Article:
Frank Woodier

Frank Woodier

Frank Woodier was born on May 30th 1893 in Sutton Weaver and was baptised two days later at Aston-by-Sutton. He was the son of John Woodier (born Sutton) and his wife Annie (nee Lawton) who was born in Aston.
In 1901 the family were living on Chester Road in Sutton Weaver. The father was a carter for a coal dealer. The children were Thomas (11), William (9), Frank (7) and their sister Margaret (2).

By the time of the census of 1911, Frank had left home and was working as a servant at Greenside Farm in Hatton. This farm belonged to William Blackshaw. Thomas was still living at home as was William. Their mother Annie declared that she had borne five children, one of whom had already died.

Frank enlisted in the Great War and joined the Royal Army Service Corps. He was given the regimental number T/2nd/1576. He subsequently joined the 23rd Battalion of the Royal Fusiliers as a Private and was given another regimental number: G/79400. This regiment was known as the City of London Regiment and his battalion was known as the 1st Sportsman’s Battalion.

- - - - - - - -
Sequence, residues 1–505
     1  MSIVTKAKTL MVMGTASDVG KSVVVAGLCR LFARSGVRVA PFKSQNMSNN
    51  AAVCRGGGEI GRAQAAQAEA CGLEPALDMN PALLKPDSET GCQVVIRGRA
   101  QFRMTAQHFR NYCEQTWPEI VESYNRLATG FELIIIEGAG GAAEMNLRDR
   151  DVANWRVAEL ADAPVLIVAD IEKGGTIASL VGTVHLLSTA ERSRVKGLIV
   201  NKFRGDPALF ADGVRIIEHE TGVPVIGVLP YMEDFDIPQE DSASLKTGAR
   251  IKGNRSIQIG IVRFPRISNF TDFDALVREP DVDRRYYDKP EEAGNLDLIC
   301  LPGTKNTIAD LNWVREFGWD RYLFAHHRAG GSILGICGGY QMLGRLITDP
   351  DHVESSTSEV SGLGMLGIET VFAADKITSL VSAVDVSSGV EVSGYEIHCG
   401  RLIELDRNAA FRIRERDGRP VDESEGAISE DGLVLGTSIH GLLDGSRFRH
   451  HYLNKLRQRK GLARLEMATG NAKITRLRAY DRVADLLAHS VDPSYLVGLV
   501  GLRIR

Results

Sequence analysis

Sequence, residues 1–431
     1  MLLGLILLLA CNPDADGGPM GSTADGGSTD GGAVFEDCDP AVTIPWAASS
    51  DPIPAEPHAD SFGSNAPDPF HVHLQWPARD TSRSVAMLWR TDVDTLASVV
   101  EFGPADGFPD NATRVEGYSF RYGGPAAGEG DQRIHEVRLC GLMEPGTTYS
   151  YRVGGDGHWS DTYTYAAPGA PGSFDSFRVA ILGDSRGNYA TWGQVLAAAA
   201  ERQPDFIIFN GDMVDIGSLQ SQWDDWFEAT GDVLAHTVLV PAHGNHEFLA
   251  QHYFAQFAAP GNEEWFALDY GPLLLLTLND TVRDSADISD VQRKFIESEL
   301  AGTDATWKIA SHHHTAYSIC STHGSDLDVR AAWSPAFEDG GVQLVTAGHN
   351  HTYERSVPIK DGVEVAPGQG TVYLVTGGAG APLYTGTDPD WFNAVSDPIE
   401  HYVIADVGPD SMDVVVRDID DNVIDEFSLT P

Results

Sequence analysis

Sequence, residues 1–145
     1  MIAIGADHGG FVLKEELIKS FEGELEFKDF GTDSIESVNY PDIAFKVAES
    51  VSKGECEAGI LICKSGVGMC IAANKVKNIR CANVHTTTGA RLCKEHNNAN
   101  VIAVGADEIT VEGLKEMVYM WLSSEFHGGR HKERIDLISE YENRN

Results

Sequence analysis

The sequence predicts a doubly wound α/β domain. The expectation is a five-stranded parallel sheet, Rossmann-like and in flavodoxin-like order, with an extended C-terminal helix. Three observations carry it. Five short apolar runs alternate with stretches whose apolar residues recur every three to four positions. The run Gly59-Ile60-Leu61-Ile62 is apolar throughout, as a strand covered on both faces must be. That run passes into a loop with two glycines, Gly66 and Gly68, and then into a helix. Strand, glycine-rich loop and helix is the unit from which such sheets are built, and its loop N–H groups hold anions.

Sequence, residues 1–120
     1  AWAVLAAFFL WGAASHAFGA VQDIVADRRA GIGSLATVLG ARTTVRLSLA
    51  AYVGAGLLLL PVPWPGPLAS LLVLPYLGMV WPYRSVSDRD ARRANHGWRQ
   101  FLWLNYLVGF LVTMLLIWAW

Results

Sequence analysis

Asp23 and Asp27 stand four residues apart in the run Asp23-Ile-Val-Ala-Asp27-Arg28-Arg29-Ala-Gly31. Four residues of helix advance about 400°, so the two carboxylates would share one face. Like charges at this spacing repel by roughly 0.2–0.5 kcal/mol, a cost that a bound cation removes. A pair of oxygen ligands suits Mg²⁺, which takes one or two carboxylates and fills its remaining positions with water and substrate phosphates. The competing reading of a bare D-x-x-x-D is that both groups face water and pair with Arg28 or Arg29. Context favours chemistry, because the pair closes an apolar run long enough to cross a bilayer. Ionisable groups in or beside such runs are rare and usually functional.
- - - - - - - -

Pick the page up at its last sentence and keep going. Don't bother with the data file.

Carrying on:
Frank fought in France, where sadly he was killed in action on 24th August 1918. He was buried in Railway Cutting Cemetery at Courcelles-le-Comte in the Pas de Calais region, south of Arras. The village had been captured by the British a few days before Frank died. He is on the Roll of Honour for the 1st Sportsman’s Battalion and on the war memorial at Aston-by-Sutton.

Frank’s brothers also served in the Great War. Thomas had married in 1914 and moved to Liverpool to work as a policeman. He served in the Coldstream Guards and suffered shellshock. William was a platelayer. He joined the 269th Railway Company of the Royal Engineers. Both brothers survived the war. Their sister married a soldier from Preston Brook, James Faulkner.

Frank’s mother had died in early 1918. His father passed away in 1928.